After a year of delays, the UK gambling white paper was published last week, presenting a cautious response to the government’s review of the 2005 Gambling Act. Rather than definitive decisions, many issues have been slated for further consultation, resulting in mixed reactions among stakeholders.
While the largest gambling operators have largely welcomed the proposals, those working in gambling research, education, and treatment have expressed mixed reactions. Some welcomed the confirmation of a proposal for a mandatory levy on gambling operators to fund their work, but also raised concerns about its implementation, which will be subject to future consultation.
EPIC Risk Management expressed “cautious optimism” about the UK gambling white paper but raised questions about how funding will be allocated. CEO Paul Buck stated that the consultation must clarify who will independently commission the funds and ensure they are directed to the most effective organizations that can make the most impact. Effective commissioning of funding will be crucial and require step-change progress.
Buck also noted that while treatment and research are crucial, prevention should also be front and center in the conversation. He believes it is a false economy to encourage harm by not prioritizing prevention.
Despite the need for further discussions, Buck welcomed the release of the white paper, stating that it informs where the UK is heading to create a safer gambling industry.
“We welcome sensible legislation aimed at preventing gambling-related harm, but we acknowledge that there is still much work to be done to iron out the details on key areas,” stated an industry spokesperson in response to the UK government’s gambling white paper, which was published after a year of delays.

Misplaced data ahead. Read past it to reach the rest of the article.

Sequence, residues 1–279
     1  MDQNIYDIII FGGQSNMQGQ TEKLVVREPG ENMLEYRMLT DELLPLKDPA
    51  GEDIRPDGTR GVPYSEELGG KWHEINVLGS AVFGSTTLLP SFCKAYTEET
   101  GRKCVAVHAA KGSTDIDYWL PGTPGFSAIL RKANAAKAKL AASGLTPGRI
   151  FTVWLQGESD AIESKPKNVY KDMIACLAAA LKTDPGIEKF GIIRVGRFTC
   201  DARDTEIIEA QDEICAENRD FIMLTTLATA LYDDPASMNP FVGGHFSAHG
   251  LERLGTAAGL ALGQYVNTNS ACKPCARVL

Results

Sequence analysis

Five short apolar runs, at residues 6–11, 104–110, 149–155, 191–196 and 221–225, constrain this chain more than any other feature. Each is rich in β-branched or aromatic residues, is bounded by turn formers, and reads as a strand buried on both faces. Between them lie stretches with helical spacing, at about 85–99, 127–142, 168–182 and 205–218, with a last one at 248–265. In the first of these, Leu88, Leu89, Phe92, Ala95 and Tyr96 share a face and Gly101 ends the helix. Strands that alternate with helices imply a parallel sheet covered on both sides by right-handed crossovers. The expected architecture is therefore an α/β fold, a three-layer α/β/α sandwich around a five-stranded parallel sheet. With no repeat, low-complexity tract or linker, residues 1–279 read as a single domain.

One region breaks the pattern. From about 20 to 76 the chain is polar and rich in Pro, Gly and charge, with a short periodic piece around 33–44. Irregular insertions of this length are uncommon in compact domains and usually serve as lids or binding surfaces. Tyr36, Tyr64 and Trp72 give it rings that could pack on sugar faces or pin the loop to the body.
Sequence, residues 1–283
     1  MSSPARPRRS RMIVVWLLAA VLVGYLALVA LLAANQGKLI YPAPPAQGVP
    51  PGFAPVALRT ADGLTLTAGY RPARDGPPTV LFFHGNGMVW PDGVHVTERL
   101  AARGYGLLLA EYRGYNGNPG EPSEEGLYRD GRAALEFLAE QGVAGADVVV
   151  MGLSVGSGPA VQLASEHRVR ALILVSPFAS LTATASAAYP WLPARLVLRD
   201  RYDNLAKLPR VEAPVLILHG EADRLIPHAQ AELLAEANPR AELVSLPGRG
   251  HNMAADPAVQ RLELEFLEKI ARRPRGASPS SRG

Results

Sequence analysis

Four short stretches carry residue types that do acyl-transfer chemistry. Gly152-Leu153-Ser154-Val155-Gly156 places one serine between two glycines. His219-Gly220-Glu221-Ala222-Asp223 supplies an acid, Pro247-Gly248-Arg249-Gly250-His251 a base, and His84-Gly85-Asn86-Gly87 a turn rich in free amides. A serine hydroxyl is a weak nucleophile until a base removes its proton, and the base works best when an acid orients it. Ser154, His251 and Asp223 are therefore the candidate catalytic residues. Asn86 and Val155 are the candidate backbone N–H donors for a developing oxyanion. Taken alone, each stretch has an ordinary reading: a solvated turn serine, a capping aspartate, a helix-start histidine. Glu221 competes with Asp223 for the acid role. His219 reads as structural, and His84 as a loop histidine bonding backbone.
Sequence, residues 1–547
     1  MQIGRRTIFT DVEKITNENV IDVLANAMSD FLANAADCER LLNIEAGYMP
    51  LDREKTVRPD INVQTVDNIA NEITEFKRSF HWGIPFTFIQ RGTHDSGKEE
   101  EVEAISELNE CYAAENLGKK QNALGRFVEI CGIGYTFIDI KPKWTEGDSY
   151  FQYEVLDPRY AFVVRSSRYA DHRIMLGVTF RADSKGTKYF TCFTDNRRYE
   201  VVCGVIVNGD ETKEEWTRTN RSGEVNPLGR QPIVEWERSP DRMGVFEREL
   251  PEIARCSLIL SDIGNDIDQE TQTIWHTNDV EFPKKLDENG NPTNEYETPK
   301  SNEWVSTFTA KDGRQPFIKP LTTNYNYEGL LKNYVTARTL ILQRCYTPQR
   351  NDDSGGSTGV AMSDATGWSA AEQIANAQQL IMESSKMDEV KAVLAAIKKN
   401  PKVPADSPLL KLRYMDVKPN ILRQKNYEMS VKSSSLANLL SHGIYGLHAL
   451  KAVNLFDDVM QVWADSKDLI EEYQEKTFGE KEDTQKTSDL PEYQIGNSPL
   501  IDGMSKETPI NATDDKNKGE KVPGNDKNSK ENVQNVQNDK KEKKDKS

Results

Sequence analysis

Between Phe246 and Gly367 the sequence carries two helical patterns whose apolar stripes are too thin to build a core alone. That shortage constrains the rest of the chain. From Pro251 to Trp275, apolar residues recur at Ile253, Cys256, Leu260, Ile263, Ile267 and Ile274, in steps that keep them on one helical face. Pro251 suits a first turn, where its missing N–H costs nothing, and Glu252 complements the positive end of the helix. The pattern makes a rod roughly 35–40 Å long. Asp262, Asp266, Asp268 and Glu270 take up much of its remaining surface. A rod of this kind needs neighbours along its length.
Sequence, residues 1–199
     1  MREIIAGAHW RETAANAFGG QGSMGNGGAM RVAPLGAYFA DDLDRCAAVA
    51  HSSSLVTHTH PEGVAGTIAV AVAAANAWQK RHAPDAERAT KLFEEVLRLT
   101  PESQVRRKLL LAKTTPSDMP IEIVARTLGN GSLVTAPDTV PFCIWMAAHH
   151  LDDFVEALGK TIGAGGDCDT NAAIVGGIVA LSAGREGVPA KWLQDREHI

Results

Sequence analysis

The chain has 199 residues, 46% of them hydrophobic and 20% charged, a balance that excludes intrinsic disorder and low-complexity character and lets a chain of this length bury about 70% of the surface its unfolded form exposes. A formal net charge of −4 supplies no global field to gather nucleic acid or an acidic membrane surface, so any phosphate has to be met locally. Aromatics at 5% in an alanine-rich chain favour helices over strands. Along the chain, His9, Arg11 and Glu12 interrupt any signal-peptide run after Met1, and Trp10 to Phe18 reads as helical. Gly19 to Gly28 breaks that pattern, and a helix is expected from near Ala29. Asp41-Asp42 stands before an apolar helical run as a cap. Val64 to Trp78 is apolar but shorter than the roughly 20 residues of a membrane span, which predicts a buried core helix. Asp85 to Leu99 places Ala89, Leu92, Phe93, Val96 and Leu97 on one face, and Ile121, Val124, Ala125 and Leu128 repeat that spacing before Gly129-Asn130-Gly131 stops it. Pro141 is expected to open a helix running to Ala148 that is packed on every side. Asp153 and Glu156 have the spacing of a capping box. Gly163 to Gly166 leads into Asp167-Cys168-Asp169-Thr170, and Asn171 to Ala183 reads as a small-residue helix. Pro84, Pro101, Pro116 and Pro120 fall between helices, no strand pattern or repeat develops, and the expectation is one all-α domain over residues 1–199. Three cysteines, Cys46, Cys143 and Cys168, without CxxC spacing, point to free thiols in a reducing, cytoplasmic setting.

GAMSTOP, the UK’s primary self-exclusion program, praised the announcement of new powers to tackle unlicensed gambling. The CEO of GAMSTOP, Fiona Palmer, expressed concern about the targeting of vulnerable individuals by illegal sites not registered with GAMSTOP and welcomed the introduction of measures to disrupt the business of illegal gambling operators.
GamCare, which operates the UK’s National Gambling Helpline, welcomed the proposals for a mandatory levy and the introduction of affordability checks. The CEO of GamCare, Anna Hemmings, stated that the proposed measures were an important recognition of the changes needed to make sure that gambling legislation is fit for the digital age. Hemmings also welcomed the clarity provided by the government regarding the funding of research, education, and treatment.
Gambling complaints handling body
The proposal for a new gambling ombudsman to handle player complaints has garnered support. Although voluntary at first, the government may intervene if there is poor take-up. Hemmings believes that creating an ombudsman would ensure “fair, transparent, and quick resolution of complaints.” GamCare service users should be involved in the design of the new system, she said.
IBAS also hopes to be involved. The organization said that the government’s support for a single complaints handling body is a welcome move. IBAS has 25 years of experience in reviewing consumer complaints and providing advice to businesses and regulators. They have developed plans for how their service could be transformed into an ombudsman within 12 months. They look forward to working with stakeholders to set out their vision for a gambling ombudsman that can provide fast, efficient, and knowledgeable dispute resolution on a wider range of complaint issues than those covered by existing ADR standards.